Watching Birds In California photo by Larry Jordan
A report released recently by the U.S. Fish and Wildlife Service shows that one out of five Americans watches birds. This activity contributed $36 billion in trip and equipment expenditures generating $82 billion in total industry output to the U.S. economy in 2006, the most recent year of economic data available.
The report titled "Birding InThe United States: A Demographic and Economic Analysis," presents information on the participation and expenditure patterns of 48 million birders in 2006. It shows that backyard birding is the most prevalent form of birding with 88% of birders watching birds from the comfort of their own homes. Forty-two percent of birders travel more than a mile from home to bird watch, visiting both private and public lands.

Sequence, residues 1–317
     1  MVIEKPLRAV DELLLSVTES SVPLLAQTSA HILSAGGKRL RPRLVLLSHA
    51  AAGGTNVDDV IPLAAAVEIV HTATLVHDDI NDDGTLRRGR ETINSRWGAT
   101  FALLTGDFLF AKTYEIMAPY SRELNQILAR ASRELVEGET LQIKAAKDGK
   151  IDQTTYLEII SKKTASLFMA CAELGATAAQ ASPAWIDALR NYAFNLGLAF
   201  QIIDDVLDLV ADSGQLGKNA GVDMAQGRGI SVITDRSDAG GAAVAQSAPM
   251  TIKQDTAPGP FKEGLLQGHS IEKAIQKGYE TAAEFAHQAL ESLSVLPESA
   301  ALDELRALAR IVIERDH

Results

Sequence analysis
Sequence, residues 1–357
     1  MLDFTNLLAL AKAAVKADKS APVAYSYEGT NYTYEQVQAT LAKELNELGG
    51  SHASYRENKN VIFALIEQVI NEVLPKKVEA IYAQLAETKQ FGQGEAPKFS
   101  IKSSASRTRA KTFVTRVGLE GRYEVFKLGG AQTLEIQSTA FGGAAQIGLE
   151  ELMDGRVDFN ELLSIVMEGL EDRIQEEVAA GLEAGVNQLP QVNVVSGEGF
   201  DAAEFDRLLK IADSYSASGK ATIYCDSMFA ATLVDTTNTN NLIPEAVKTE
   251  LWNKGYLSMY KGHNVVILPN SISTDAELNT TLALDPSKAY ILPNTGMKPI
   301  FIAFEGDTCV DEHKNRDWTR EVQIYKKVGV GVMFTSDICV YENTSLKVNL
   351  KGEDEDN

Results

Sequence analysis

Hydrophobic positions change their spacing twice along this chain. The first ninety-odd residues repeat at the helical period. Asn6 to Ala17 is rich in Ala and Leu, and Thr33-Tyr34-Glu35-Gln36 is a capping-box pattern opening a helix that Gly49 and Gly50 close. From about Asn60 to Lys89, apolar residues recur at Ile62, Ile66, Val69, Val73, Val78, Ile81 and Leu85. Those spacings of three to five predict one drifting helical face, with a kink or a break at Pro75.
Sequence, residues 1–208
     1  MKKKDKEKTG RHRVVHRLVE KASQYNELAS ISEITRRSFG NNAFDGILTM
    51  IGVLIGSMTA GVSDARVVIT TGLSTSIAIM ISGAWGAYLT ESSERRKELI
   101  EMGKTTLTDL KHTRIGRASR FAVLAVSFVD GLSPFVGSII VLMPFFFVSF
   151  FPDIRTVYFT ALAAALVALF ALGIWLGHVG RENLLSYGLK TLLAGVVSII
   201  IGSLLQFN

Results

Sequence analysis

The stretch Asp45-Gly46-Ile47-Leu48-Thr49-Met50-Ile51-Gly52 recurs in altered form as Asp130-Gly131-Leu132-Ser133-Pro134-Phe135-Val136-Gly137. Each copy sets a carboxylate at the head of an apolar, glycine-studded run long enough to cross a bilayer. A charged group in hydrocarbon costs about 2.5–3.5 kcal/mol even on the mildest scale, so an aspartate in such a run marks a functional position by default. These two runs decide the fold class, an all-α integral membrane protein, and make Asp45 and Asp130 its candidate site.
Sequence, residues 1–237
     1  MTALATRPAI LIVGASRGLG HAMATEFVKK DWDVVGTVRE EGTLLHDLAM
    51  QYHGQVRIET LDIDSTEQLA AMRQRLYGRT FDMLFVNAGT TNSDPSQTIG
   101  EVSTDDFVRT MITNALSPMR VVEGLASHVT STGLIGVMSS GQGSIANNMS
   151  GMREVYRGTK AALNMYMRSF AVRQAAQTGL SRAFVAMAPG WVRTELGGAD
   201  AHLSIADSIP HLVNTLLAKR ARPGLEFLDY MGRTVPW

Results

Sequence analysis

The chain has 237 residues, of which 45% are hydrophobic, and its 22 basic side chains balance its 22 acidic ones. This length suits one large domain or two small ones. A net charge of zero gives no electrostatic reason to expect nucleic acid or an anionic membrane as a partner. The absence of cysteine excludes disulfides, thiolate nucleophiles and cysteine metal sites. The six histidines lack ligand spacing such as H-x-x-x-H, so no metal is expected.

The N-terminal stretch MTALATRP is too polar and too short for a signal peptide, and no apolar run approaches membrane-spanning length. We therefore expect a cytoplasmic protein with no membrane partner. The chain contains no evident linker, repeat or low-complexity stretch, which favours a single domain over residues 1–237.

What is a birder? The National Survey uses a conservative definition. To be counted as a birder, an individual must have either taken a trip one mile or more from home for the primary purpose of observing birds and/or closely observed or tried to identify birds around the home.
The report is an addendum to the "2006 National Survey of Fishing, Hunting, and Wildlife-Associated Recreation," which includes extensive information on wildlife watching, hunting and fishing. Another addendum to this report is "Wildlife Watching in the U.S.: The Economic Impacts on National and State Economies in 2006" detailing the economic impact of all this wildlife watching on our economy. And finally "Wildlife Watching Trends: 1991–2006 A Reference Report," notes that roughly one out of three Americans, or 71 million people, participated in wildlife watching in 2006. More than four times greater than the attendance of all National League Football teams during the 2006 season! That’s a lot of economic influence wielded by nature lovers!